Updated on 09/16/2011 7:44AM

If the charge is talent, Jury Box is guilty


INGLEWOOD, Calif. - Tom Bell was gambling on the future when he bought Jury Box last fall at the Barretts October yearling sale.

"He wasn't a flashy looking horse," Bell said. "He was a nice walker and pretty correct, but he was backward, unfurnished. The price was right."

Eight months later, Bell's $10,000 final bid looks like a bargain.

On June 30, Jury Box won a maiden race at Hollywood Park by an eye-catching 11 lengths. Ridden by Mike Smith for trainer D. Wayne Lukas, Jury Box led throughout and finished 5 1/2 furlongs in a quick 1:03.41.

"He's really taken off in the last few months," Bell said. "He'll be a big horse. He's changed. He's turned into a swan."

The maiden win moved Jury Box to the fore of the California-bred 2-year-old male division, along with Oberwald, the winner of the Haggin Stakes on June 16.

Following the purchase of Jury Box last fall, Bell and partner Ray Hussa, who operate Green Hill Stable, sold shares in the colt to Bill Buster and Victor Hazard.

"I have a little interest, but not a heck of a lot," said Bell, a former trainer.

Jury Box is the latest maiden winner for In Excess, who stands at Vessels Stallion Farm in northern San Diego County. Bred by Ray Smith, Jury Box is out of Right Smart Girl, a winner of one race and $13,125 in a brief career.

The 12-year-old Right Smart Girl has been more productive as a broodmare than on the racetrack, having produced four foals by In Excess. Right Smart Girl's filly Excessive Girl has won seven races and $214,913, while her 3-year-old Smartexcess is a winner and races at Hastings Park in British Columbia, Canada.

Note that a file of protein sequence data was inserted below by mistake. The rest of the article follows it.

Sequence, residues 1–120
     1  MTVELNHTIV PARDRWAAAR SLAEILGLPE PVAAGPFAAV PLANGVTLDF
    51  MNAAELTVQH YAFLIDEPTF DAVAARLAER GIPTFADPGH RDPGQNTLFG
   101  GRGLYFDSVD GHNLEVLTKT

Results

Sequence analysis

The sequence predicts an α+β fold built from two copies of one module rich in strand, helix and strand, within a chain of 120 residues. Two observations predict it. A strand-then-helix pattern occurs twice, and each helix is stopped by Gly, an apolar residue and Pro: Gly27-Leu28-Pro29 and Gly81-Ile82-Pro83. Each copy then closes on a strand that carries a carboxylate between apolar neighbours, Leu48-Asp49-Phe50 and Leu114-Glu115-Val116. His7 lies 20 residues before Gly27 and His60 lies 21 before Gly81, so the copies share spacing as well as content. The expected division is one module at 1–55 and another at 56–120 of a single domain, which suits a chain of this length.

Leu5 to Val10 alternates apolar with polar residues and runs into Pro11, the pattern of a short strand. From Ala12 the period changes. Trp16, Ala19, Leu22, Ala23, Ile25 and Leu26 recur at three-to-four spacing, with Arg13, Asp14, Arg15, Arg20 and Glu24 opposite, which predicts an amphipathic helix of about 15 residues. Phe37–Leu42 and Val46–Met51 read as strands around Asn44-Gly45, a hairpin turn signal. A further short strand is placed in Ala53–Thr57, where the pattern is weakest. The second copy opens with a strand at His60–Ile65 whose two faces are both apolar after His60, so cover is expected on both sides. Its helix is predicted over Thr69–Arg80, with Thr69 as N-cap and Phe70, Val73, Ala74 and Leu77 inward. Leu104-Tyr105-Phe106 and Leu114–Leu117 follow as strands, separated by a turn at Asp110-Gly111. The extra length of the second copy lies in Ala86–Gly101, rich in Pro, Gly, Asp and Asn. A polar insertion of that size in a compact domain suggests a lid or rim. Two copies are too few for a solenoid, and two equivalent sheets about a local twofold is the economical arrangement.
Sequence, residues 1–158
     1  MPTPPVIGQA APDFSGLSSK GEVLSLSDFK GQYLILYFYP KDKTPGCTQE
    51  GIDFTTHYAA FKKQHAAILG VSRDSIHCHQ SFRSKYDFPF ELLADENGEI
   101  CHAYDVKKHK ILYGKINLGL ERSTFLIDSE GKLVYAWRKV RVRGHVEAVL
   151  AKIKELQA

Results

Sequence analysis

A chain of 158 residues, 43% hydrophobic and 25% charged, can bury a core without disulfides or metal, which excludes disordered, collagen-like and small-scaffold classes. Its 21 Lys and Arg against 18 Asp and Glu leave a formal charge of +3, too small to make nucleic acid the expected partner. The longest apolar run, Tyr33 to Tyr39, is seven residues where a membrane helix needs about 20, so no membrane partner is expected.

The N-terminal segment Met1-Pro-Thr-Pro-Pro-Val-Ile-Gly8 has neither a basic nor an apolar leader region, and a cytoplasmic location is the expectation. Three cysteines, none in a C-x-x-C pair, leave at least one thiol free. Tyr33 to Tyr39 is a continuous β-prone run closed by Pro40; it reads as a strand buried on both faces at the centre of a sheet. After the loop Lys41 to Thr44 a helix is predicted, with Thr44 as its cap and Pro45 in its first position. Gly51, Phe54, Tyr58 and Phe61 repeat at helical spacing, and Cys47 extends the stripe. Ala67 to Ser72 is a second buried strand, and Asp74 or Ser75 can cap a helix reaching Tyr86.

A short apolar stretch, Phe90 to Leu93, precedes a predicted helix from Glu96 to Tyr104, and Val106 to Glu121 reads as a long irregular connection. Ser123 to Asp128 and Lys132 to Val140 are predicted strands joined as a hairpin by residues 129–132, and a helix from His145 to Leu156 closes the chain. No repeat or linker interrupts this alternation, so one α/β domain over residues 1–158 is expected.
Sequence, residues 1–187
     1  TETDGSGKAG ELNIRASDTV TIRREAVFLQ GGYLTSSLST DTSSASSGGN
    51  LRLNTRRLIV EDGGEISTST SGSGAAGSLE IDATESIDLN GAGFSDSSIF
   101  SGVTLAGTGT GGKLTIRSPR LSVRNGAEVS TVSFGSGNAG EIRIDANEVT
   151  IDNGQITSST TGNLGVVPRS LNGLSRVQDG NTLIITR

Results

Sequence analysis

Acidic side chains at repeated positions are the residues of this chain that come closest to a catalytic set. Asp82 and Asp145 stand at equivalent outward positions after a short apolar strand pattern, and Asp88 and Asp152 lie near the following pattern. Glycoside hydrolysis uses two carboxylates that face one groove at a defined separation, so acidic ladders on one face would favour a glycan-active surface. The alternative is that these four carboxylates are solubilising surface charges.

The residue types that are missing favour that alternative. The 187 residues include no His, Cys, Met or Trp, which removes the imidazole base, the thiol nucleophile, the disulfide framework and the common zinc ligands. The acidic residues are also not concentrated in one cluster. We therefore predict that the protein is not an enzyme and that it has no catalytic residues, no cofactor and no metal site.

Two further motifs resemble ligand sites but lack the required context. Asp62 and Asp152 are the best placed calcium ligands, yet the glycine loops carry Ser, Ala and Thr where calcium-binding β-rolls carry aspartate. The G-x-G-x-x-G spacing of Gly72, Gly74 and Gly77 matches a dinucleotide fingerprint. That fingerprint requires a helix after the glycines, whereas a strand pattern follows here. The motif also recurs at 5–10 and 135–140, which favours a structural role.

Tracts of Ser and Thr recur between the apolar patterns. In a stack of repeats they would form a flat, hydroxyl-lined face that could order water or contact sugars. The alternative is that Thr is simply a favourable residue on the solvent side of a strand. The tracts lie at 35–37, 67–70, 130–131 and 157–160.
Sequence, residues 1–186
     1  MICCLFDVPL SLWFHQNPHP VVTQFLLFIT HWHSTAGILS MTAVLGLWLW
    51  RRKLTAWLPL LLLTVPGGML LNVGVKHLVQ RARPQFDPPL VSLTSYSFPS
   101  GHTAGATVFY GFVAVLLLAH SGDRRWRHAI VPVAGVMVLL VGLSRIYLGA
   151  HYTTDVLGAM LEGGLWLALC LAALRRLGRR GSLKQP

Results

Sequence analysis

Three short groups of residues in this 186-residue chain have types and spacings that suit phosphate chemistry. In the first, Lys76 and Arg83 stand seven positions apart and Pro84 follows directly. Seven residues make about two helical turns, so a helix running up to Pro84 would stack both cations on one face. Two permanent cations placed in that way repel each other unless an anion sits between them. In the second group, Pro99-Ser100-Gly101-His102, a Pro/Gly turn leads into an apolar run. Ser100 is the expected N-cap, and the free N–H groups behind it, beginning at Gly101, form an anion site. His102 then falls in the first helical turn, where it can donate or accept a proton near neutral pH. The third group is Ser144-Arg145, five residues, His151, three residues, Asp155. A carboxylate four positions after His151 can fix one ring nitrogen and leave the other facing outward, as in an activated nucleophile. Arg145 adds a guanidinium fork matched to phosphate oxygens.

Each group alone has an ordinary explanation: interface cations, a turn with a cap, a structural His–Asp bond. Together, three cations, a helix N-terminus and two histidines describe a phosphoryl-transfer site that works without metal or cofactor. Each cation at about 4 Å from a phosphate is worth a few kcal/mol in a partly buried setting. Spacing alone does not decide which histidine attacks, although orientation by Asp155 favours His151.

Typical of many Lukas-trained 2-year-olds, Jury Box has already had an active career, having made four starts at four tracks.

He debuted with a third as a heavy favorite in a two-furlong maiden race for California-breds at Santa Anita on April 5, losing by a half-length. Two weeks later, he finished third as the favorite over 4 1/2 furlongs at Keeneland after challenging for the early lead.

"Wayne wanted to be leading trainer at Keeneland, which he was, so we shipped [Jury Box] there and he didn't run well," Bell said. "He ran third after making the lead."

Two weeks later at Churchill Downs, Jury Box drew the outside post in a field of eight going 4 1/2 furlongs. Jockey Jerry Bailey sent Jury Box to the front. Jury Box had a 2 1/2-length lead in midstretch, but was caught by Blackjack Boy.

"It looked like he was home easy, but he was beaten," Bell said. "He galloped out past [Blackjack Boy]. He wore blinkers that day and Jerry said he didn't think he saw that horse coming."

A break of nearly two months did Jury Box well. He won as Smith pleased in the June 30 race.

"The last time he worked at Santa Anita, he went in 47 4/5, but the way he did it was unbelievable," Bell said. "We're very pleased with his progress."

The partners and Lukas have a decision to make regarding Jury Box's next start.

The current plan is to bypass the $100,000 Hollywood Juvenile Championship over six furlongs on July 21 in favor of the $125,000 Graduation Stakes for California-breds over 5 1/2 furlongs at Del Mar on July 31.

"For $125,000, it should be a softer spot," said Lukas assistant Greg Falk.

The Graduation was a productive race last year. Officer won the race with little effort and later scored victories in the Grade 2 Del Mar Futurity and Grade 1 Champagne Stakes.

Such success from Jury Box would suit Tom Bell fine.

"I hope he emulates Officer," Bell said. "He looks like he has a future."